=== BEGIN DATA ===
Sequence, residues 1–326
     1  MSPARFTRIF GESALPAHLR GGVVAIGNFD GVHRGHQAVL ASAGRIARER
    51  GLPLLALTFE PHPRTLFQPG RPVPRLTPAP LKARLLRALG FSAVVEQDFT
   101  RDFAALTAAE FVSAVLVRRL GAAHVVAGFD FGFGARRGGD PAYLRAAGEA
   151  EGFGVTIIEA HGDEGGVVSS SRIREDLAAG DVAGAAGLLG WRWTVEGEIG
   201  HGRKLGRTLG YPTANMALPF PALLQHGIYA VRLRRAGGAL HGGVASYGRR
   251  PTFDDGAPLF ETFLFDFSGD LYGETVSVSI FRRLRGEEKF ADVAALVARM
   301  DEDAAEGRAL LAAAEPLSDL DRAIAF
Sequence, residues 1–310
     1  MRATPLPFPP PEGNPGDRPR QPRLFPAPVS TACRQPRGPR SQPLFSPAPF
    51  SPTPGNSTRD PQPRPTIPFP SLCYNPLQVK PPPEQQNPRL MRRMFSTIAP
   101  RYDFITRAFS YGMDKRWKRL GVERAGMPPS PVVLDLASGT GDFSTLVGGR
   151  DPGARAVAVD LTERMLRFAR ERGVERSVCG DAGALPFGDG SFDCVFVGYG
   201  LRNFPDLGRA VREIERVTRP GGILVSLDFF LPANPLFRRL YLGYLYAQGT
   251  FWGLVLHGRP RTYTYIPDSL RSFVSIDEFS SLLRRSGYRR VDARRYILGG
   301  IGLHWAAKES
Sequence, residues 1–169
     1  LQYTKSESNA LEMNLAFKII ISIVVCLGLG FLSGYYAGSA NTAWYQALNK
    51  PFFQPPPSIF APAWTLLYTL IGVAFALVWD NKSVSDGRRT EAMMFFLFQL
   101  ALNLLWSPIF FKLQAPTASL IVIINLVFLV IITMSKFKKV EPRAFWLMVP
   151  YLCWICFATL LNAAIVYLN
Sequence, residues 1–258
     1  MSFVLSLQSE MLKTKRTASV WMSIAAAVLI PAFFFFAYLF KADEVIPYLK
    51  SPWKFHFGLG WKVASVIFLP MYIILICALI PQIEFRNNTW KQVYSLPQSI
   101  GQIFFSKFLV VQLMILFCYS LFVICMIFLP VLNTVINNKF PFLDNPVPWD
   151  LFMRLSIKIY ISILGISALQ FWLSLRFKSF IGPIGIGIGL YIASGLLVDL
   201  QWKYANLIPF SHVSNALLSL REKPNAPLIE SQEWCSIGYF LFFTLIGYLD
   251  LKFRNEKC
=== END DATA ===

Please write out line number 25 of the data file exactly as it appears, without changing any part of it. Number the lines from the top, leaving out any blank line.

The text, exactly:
   101  GQIFFSKFLV VQLMILFCYS LFVICMIFLP VLNTVINNKF PFLDNPVPWD